CEFC backs push for solar and storage in all new-build homes

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CEFC commits $90m debt finance to Mirvac plan to build more than 300 family homes, each with built-in solar and battery storage.

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One Step Off The Grid

The shift towards making built-in solar and battery storage the “new normal” for new-build homes in Australia now has the backing of the Clean Energy Finance Corporation, in a joint initiative with leading property development group, Mirvac.

In an announcement on Thursday, the CEFC said it was committing up to $90 million in debt finance towards Mirvac’s plan to embed a range of clean energy measures as part of the base build in three new masterplanned residential communities.

The communities, planned for development in Sydney and Brisbane, will include more than 300 family homes of three and four bedrooms, each with built-in solar and battery storage systems, as well as high-grade insulation, LED lighting and energy efficient appliances.

The 5.1kW rooftop solar systems, paired with 10kWh battery systems – what sort of battery has not yet been revealed – would provide first and new home buyers with a built-in solution to meet up to 90 per cent of their household’s energy consumption, the CEFC said.

“The CEFC’s finance will mean this clean energy technology is already included in the homes during construction, at no additional cost to the home buyer,” said CEFC chief Ian Learmonth.

“This will deliver significant and ongoing long-term benefits to families and residents,” he said.

CEFC property sector lead Chris Wade said that the green bank’s goal was to help see these built-in energy technologies become the ‘new normal’ for Australian homes – something we have already seen taking shape across the property port folios of a number of major developers.

Residential developer Metricon, for example, recently told One Step Off The Grid that more than half of the roughly 1,000 new homes it is building a year in New South Wales alone will have rooftop solar and battery storage included.

Last month, it revealed a new deal in partnership with solar installer CSR Bradford, where NSW and Queensland customers who chose from its Designer range would also have the option to include a Solar ChargePack.

In January, Porter Davis, announced a deal – again with solar retailer Bradford Energy – to include a 5.6kW rooftop solar system and 13.5kWh Tesla Powerwall 2 to 50 knock-down rebuilds in Victoria, as part of a limited promotion.

And there are many more examples.

“Smart building design, combined with solar and battery storage packages, can give home owners greater control over their energy use and can pave the way for energy self-sufficiency,” the CEFC’s Wade said.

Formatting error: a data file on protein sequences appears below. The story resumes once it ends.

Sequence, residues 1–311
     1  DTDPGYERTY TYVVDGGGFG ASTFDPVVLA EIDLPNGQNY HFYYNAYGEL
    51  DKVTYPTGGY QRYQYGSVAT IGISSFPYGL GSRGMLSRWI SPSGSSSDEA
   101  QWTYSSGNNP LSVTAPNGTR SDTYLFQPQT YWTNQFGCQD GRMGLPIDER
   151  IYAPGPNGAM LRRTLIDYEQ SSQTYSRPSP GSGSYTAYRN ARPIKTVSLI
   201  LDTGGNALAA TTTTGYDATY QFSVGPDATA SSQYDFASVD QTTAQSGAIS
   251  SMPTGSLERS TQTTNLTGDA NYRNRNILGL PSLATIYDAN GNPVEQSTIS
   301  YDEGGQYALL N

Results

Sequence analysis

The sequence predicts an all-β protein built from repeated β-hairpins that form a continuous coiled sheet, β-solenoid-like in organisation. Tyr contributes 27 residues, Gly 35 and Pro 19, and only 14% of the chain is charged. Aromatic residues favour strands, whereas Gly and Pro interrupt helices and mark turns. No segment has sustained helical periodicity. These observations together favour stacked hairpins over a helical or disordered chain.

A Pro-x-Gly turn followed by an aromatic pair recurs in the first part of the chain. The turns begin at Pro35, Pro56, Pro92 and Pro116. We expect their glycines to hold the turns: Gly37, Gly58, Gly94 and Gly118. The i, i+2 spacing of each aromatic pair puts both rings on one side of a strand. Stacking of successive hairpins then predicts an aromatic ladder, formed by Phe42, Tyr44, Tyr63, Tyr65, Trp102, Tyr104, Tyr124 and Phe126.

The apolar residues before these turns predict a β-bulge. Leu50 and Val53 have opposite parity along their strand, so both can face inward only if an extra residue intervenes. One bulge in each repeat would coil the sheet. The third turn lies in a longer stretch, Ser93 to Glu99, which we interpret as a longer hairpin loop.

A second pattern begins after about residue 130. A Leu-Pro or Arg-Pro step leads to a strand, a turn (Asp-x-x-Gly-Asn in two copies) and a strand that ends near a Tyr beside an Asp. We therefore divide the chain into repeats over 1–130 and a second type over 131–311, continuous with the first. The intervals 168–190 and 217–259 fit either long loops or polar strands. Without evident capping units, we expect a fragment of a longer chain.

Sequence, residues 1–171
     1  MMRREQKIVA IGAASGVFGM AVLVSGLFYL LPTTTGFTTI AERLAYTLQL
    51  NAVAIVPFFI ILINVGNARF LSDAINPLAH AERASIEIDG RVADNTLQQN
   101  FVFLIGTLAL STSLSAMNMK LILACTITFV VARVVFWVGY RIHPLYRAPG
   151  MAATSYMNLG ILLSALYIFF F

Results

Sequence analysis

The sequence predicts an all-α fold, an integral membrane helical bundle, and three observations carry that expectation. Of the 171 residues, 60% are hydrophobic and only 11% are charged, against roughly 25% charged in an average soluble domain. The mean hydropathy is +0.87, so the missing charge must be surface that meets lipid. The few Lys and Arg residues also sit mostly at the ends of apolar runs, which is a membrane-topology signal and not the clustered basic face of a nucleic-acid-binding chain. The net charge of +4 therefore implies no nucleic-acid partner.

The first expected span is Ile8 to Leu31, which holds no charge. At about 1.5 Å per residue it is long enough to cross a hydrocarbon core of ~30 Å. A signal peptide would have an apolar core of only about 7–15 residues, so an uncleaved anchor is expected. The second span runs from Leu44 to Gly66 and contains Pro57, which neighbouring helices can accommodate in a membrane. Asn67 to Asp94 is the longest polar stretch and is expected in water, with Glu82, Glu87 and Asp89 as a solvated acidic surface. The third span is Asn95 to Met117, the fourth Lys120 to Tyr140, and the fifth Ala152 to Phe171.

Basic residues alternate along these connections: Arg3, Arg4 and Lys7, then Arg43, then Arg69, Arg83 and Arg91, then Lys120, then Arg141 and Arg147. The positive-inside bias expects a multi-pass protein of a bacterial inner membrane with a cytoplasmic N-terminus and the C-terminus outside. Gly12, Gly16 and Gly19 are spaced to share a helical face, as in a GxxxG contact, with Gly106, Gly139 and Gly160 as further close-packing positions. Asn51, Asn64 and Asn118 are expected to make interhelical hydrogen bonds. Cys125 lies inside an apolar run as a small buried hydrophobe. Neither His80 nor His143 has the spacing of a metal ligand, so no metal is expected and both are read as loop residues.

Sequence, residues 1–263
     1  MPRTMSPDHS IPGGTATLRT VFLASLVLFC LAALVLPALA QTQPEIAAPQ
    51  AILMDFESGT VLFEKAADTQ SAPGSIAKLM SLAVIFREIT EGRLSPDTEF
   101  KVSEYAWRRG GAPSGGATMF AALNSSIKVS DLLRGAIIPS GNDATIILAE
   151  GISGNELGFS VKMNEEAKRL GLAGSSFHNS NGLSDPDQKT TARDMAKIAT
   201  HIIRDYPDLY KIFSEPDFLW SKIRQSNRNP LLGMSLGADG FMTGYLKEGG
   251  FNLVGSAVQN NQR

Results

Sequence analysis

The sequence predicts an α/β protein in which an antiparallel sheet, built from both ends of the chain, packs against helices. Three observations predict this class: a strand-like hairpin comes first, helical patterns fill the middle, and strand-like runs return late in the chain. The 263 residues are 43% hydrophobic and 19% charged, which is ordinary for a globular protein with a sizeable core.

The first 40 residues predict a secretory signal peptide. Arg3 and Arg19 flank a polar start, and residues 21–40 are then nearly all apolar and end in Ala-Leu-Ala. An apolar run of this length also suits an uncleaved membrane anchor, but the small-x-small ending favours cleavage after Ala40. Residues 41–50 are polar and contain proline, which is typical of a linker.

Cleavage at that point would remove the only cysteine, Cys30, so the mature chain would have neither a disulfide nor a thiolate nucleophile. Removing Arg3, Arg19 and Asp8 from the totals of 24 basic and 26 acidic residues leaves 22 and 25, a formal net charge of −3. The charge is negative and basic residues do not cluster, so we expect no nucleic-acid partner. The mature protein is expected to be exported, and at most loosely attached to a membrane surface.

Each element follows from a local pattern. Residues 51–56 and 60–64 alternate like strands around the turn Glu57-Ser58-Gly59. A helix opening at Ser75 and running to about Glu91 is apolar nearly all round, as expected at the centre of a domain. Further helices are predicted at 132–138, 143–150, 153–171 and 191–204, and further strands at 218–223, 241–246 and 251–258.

“As a key part of this investment, we will work with Mirvac to monitor energy use and track energy savings, so we can share insights into the positive impacts of these technologies on day-to-day
energy consumption.

“We see this as building the foundation of an ongoing relationship with Mirvac to enhance clean energy standards in the residential housing sector.”

Mirvac Group general manager of sustainability, Sarah Clarke, said that for the company, the initiative was part of its target to be net positive in energy and water by 2030, and to facilitate sustainable living through their homes.

“Cost of living and environmental sustainability are issues our customers really care about, and this is another great example of how Mirvac is focused on providing more affordable living options,” Clarke said.

This article was originally published on RenewEconomy’s sister site, One Step Off The Grid, which focuses on customer experience with distributed generation. To sign up to One Step’s free weekly newsletter, please click here.

Sophie Vorrath

Sophie is editor of OneStepOffTheGrid.com.au and deputy editor of its sister site, RenewEconomy.com.au. Sophie has been writing about clean energy for more than a decade.

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1 Comment
  1. Joe 9 months ago

    New homes in Western Sydney on tiny blocks with barely any greenery to soften the summer heat effect coupled with black rooves and the surrounding black bitumen roads is just an urban planning disaster. It should have been mandatory to install solar years ago to help power the air con that home owners now rely on to survive each summer. Now the home battery can be paired with the solar as mandatory in all new home builds.

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